If there’s one thing that the Western Cape is famous and beloved for, it’s the wonderful Winelands it possesses. These world-famous Cape regions – stretching from Somerset West to Franschhoek and Paarl to Montagu – are seemingly endless and afford rich, memorable experiences right across the board.
For, with every wine-producing region come new experiences, beautiful wine farms and unforgettable moments for visitors to enjoy… whether it’s an unusual wine tasting, fun wine farm adventure or scenic settings, the Cape Winelands are a must-visit when you visit Cape Town and its surrounding areas.
Earlier this year, during the height of summer, my friend and I enjoyed a glorious trip on the now-famous Wine Tram in fairest Franschhoek. We got there early, ensuring we could make a real day of it. Because of this, we managed to cover several farms and have a full, fun and fabulous day in the Franschhoek wine valley.
Although the Blue Line offered us a choice of the following estates: Mont Rochelle, La Lude, La Bri, La Bourgogne, Holden Manz, La Couronne, Rickety Bridge and Grande Provence – in the end, we had to choose our top picks. Because, even if you depart on the earliest slot, you can probably only squeeze in six decent-length visits before the day’s end.
So, we opted for: Mont Rochelle, La Bri, Holden Manz, Rickety Bridge and Grande Provence. We enjoyed a picnic at both La Bri and Holden Manz and this was such a wonderful experience that I am so glad we decided to arrange the picnics!
We took some take-home wine from Holden Manz so we gave the wine tasting a miss, but you have ample time to both explore the estate and, if you’re keen, enjoy a delicious wine tasting.
It’s advisable to book ahead, not only for the popular Wine Tram but also for the picnics, restaurants and, of course, wine tastings at each estate you plan to hop off at because the wine farms tend to swarm with visitors over weekends and on public holidays especially.
The Wine Tram runs daily (barring 24, 25 and 31 December and 1 January), provided the weather conditions are fair.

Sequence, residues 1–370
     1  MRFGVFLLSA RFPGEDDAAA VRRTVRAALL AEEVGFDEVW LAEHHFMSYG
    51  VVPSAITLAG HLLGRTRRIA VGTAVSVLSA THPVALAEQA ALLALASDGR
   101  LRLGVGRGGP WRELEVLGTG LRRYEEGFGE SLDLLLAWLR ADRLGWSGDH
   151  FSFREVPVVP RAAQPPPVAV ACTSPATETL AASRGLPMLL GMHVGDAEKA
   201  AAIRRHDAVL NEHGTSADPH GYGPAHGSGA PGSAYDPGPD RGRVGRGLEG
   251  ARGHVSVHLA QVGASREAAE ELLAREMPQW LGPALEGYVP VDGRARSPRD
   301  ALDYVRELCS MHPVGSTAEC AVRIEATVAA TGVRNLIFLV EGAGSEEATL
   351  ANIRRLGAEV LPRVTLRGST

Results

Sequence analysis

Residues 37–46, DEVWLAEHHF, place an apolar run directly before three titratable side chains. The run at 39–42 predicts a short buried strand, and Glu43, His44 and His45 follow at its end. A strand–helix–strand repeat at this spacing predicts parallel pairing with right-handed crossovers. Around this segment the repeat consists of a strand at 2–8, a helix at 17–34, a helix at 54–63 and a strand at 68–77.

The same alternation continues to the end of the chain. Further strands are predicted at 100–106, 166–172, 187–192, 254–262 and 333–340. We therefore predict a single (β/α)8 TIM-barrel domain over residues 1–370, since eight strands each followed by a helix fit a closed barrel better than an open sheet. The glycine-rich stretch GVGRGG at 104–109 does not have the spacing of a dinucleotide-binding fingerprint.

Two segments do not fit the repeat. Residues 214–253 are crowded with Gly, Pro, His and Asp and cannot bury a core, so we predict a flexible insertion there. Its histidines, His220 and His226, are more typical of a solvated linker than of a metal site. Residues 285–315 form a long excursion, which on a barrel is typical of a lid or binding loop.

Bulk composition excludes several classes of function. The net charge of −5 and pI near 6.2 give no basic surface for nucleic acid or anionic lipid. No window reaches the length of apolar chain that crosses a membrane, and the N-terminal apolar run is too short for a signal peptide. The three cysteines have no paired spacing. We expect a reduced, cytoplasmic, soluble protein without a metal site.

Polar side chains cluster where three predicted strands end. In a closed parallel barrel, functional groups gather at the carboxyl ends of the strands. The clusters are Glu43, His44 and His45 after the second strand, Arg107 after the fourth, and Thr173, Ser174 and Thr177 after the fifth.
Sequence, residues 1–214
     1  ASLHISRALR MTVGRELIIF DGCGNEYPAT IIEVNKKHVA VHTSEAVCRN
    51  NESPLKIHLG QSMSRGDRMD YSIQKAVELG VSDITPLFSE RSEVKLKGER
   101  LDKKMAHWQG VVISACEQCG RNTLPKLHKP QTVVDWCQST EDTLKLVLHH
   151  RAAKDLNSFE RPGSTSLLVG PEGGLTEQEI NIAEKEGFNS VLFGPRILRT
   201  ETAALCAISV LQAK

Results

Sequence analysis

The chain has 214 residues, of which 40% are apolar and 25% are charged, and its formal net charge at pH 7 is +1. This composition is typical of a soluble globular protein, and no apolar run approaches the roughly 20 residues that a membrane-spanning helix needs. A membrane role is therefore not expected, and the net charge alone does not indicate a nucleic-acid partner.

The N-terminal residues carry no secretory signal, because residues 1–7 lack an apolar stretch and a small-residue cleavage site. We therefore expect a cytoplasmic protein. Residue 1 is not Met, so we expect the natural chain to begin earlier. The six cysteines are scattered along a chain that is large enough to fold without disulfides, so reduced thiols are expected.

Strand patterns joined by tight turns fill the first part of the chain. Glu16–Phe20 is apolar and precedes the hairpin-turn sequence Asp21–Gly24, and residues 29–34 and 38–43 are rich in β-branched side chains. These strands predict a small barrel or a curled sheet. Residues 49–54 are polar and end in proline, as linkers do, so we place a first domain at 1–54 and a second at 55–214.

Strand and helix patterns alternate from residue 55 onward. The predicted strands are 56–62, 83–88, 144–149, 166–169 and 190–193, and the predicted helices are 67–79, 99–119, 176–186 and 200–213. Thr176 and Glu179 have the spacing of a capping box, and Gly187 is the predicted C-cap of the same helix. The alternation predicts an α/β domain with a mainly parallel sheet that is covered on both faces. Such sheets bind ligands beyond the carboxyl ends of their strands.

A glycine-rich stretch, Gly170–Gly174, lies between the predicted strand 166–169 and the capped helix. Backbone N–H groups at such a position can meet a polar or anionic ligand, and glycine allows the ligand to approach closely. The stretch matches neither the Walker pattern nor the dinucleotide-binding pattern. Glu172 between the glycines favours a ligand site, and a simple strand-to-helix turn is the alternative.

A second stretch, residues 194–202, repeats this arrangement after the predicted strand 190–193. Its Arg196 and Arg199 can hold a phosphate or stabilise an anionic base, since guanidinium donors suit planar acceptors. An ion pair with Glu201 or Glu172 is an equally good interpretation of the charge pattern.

You can choose between the Orange, Purple, Blue, Green, Red and Yellow Line. I really enjoyed the Blue Line and would definitely do it again!
Irrespective of which line you choose, the Wine Tram experience will set you back R220 (adults) and R90 (children 3 – 17).
For more information on the Franschhoek Wine Tram, please visit: winetram.co.za.
If you’re keen to visit South Africa’s oldest wine-producing estate and discover some true city gems, then the Purple Wine Tour should provide the perfect winelands experience for you.
On this tour, among other delights, you can explore the historic Groot Constantia, secluded Eagles’ Nest and the stunning Beau Constantia wine estates.
On the day we did the trip, it was early summer so temperatures were delightfully high, ensuring my friend and I were again blessed with ideal wine farm-hopping weather.
We departed from the V&A Waterfront, making our way through the city, as we listened to insightful, complimentary audio guides. (These audio guides can be enjoyed on all City Sightseeing South Africa tours.)
We stayed on the bus until we reached the lush, gorgeous valley of Constantia. Our first stop was the delightful Groot Constantia.
Here, we enjoyed sharing a yummy cheese platter at Simon’s Restaurant, before heading for a quick, affordable wine tasting at Jonkershuis Restaurant.
After we had spent some time exploring this beautiful estate – which is not only Cape Town’s most historic, but which also offers amazing views of Southern Suburbs, including of distant Muizenberg and Kalk Bay – we were onto Eagles’ Nest.
Tucked away in the midst of tall trees, this estate is reminiscent of a proud eagle’s eerie, particularly with its impressive, forested location. Its well-loved for its platters and relaxed setting. If I ever visit Eagles’ Nest again, I will definitely tuck into one of these delicious platters!